Since January of last year, worries about the ballooning deficit and the Obama administration's spending excesses have been driving the polls and the political debate. The only thing that seems likely to prevent massive conservative victories in this year's midterm elections would be missteps by key leaders within the movement.
Over the last week, we have seen a high-profile Republican senator and a noteworthy grass-roots conservative do just that — perhaps enough to make people stand up in passionate opposition to the conservative momentum of the past two years.
Last Sunday, Sen. Jon Kyl (R-Ariz.) made a statement on deficit spending that reeked of the Republican stereotype that has in recent elections driven both conservative Democrats and independent voters into the arms of the Democratic Party. Appearing on the Sunday talk shows, Kyl said unemployment benefits should not be extended if financed through deficit spending — thus eliminating a much-needed safety net for thousands of Americans currently on their last line of defense during this recession.
Kyl also went on to argue that the Bush tax cuts for the wealthy should not be eliminated, even if that meant deficit spending should cover the shortfall. In juxtaposing these contradictory positions to the Sunday political television audience, Kyl created an opportunity for passionate conservatives and liberal voters to unite on a common issue facing the nation: unemployment and the accompanying economic peril that folks everywhere (except Capitol Hill, apparently) are painfully aware of. With all of the momentum that Republicans have gained at the expense of Democrats and the White House over the past 18 months, taking positions that favor the segment of Americans least likely to suffer during this crisis jeopardize the inroads that conservatives have made with a growing portion of American voters.
Williams' bigoted ignorance arrogantly and disrespectfully pitted the contemporary economic significance of a civil rights organization to the economic engine of rape, torture, brutality, exploitation and murder that slavery was for slave traders — and the fledgling United States — for more than 200 years. Any moral high ground the Tea Party had over the NAACP on issues of race evaporated the moment this soulless statement was offered on behalf of a grass-roots movement full of good people who do not share Williams' viewpoint.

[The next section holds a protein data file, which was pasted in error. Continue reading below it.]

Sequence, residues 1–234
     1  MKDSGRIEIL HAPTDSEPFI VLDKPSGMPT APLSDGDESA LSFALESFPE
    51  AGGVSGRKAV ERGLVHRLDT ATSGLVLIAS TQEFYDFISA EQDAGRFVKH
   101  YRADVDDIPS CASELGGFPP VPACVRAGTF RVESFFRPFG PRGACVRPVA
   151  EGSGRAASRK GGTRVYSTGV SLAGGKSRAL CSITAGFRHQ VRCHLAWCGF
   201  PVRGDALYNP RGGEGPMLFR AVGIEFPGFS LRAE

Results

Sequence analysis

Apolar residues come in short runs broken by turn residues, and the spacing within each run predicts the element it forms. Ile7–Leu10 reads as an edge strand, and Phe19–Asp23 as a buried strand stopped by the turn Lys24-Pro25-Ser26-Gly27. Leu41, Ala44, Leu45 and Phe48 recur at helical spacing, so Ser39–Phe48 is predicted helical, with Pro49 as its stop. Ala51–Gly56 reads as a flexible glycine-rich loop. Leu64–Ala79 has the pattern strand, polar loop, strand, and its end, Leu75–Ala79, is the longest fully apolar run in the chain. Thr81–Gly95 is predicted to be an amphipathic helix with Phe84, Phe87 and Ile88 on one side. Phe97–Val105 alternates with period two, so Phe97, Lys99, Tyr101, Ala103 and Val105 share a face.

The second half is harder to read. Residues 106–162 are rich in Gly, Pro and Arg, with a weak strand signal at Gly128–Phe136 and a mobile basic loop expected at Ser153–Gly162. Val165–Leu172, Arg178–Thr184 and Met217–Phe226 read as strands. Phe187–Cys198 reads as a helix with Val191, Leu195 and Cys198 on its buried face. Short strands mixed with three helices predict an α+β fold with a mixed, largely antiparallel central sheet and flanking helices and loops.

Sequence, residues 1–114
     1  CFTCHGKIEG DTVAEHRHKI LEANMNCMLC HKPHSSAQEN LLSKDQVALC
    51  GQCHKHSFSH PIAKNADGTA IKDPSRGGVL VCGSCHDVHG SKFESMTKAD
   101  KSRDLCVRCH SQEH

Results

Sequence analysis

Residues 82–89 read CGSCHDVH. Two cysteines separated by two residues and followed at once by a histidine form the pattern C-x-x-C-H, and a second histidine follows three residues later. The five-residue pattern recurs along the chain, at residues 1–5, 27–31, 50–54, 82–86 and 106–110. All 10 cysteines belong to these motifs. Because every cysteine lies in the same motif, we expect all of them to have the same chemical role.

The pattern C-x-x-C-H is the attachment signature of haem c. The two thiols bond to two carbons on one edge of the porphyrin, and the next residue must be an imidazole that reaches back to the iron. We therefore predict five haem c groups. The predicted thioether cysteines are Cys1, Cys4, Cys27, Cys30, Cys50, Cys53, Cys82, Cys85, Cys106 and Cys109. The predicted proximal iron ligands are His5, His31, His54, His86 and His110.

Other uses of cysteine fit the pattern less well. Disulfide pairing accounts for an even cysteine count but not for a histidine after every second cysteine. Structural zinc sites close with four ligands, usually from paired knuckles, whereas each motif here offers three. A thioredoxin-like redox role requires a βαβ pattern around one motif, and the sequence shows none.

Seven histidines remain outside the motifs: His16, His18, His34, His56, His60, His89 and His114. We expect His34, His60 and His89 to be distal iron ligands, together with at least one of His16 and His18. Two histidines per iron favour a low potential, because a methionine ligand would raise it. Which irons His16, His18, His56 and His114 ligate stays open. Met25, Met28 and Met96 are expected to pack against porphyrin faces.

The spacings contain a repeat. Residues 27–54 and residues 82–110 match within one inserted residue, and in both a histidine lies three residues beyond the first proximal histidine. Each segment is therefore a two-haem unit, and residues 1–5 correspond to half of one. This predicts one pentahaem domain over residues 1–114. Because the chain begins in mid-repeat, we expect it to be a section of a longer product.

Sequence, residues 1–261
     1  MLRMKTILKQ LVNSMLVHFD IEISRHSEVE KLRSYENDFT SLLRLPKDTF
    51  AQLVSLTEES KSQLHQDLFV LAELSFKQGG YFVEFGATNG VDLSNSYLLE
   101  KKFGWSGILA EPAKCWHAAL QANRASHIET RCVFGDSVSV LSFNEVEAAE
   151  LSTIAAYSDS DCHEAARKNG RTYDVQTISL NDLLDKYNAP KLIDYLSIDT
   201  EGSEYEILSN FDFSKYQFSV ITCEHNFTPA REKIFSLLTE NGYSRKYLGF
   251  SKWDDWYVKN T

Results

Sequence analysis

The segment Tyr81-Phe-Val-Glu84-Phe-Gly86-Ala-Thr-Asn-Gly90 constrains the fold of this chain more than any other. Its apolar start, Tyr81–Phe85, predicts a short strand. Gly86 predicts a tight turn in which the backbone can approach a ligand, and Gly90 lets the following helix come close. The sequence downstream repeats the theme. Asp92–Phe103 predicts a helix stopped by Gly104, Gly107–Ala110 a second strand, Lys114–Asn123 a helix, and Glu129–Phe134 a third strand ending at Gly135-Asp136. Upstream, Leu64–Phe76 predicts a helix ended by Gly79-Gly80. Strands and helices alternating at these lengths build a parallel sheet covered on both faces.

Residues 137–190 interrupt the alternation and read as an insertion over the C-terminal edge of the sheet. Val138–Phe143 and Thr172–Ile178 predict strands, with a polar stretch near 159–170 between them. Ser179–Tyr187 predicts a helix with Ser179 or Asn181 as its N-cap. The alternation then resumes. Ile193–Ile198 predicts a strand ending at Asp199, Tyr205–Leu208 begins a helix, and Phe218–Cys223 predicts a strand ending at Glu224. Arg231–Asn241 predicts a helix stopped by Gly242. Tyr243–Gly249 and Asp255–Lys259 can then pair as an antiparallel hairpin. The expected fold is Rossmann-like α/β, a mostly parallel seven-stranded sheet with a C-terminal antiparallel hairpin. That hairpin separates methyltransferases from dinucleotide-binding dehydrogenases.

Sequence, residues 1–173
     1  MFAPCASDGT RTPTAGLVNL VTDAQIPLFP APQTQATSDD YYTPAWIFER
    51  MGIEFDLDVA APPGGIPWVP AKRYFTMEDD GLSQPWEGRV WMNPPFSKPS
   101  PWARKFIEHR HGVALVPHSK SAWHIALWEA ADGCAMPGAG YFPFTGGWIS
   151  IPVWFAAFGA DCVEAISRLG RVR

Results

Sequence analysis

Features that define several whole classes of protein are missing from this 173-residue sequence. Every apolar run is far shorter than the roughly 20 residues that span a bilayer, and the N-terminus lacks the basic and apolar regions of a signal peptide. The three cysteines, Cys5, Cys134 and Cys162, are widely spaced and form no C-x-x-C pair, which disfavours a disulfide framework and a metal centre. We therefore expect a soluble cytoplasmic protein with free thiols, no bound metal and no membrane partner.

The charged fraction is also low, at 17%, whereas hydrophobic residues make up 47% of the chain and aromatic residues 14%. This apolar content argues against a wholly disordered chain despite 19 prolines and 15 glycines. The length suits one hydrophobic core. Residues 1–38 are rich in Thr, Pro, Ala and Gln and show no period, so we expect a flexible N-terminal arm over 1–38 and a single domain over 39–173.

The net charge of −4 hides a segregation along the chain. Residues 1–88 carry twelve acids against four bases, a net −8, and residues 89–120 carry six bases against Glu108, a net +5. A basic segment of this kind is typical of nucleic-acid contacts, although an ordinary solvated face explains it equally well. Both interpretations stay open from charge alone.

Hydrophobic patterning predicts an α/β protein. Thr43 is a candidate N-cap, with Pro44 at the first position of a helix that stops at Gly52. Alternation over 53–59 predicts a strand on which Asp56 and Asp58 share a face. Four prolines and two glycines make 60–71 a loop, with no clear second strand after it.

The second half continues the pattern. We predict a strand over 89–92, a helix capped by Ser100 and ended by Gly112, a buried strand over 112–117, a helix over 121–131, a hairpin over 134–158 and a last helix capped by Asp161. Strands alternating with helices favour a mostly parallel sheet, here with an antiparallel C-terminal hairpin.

The Tea Party movement will suffer another huge public relations demerit in the battle to gain enough political capital to drive the midterm elections this fall. Democrats are haunted by a lingering recession, a bad oil spill in the Gulf of Mexico, mounting debt and an aura of ineffectiveness. However, if key Republicans and conservative leaders continue to launch diatribes of economic inconsistency and racial insensitivity, the ghosts of 1994 that brought the conservative right to power on Capitol Hill may remain just a memory in November.
Lenny McAllister is a syndicated political commentator and the author of the book, Diary of a Mad Black PYC (Proud Young Conservative). He is featured regularly on outlets including CNN, Fox News and XM Radio. Follow him on Twitter.